Georgian Joy in London’s Royal Palaces

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Royal Palaces Hampton Court
Hampton Court Palace

London’s Historic Royal Palaces have long held behind their doors an interesting blend of refinement and raucousness. And now groups can step into the thick of it all with immersive, behind the scenes tours of Kensington Palace, Hampton Court and Kew Palace.

Beginning on April 17, three Glorious Georges exhibitions themed to the Georgian era will unfold throughout the beloved palaces to commemorate the 300th anniversary of the Georgian dynasty. Each will focus on a different aspect of the family—from the private quarters of King George I to tours of Kensington Palace’s lavish State Apartments, where King George II and Queen Caroline once entertained guests. The upbringing and “madness” of King George III is explored at Kew Palace, a former country retreat to the family. If it all sounds a little too stiff around the collar, don’t fret. Groups will get a chance to stand those collars straight up at palace garden parties offering food, costumes, music and games from the Georgian era.

Kensington Palace

Enter the palace where Queen Victoria’s life unfolds like a living time capsule room after room. The 19th century queen was born in Kensington Palace and groups can stand in the rooms where she was christened and first learned she would become queen. The Queen’s and King’s Apartments are strewn with family portraits, original furnishings, and paintings and art from the Royal Collection. Some of the royals’ most iconic fashion trends—from Queen Elizabeth II to Princess Diana—are on display in the Royal Ceremonial Dress Collection. Glorious Georges will hunker down in the King’s State Apartments, completely reimagined to reflect the court of King George II. The Kensington Palace garden party is slated for June 14-15.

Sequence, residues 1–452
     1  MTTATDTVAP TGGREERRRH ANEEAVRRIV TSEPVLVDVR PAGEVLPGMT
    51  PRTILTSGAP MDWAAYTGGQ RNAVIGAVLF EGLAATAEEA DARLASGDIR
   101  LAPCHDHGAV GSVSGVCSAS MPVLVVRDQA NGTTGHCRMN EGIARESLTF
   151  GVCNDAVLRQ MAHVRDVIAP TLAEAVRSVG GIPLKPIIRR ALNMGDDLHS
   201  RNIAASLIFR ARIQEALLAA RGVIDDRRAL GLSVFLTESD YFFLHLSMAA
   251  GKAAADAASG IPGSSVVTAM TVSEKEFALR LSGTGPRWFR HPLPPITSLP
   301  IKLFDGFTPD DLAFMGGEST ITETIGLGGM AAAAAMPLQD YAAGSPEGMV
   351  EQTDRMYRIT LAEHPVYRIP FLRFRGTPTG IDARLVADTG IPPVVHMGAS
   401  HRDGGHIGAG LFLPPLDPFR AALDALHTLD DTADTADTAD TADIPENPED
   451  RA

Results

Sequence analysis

Hampton Court

Over 500 years of history emerges from the red bricks and mortar of Hampton Court, the oldest surviving Tudor palace in England. Distinct Tudor and Baroque architecture reflect the life and times of kings Henry VIII and William III. Groups can explore the oldest surviving hedge maze, once a place for secrecy and seduction. Indoors, Andreas Mantegna’s nine painting sequence, ‘Triumphs of Caesar,’ arguably one of the most important works of the Italian Renaissance, is a must see. Glorious Georges displays will be shown throughout the Baroque half of the palace—including the Queen’s State and Private Apartments—once occupied by the Georgian court. The Hampton Court garden party takes place July 26-27.

Kew Palace

This 17th century retreat was the preferred getaway for numerous royals and the birthplace of King George IV. The four-story building is perched above the Thames River, but the main attraction is Kew Gardens, a World Heritage Site sprawling over 300 acres of land with over 40,000 rare and beautiful plant species to marvel over. Here, groups can explore the research and conservation efforts that have helped to secure one in eight of the world’s plant species. Interactive displays and seasonal events are always underway—Glorious Georges zooms in on the early life of King George III. Kew Palace’s garden party kicks off August 16th.

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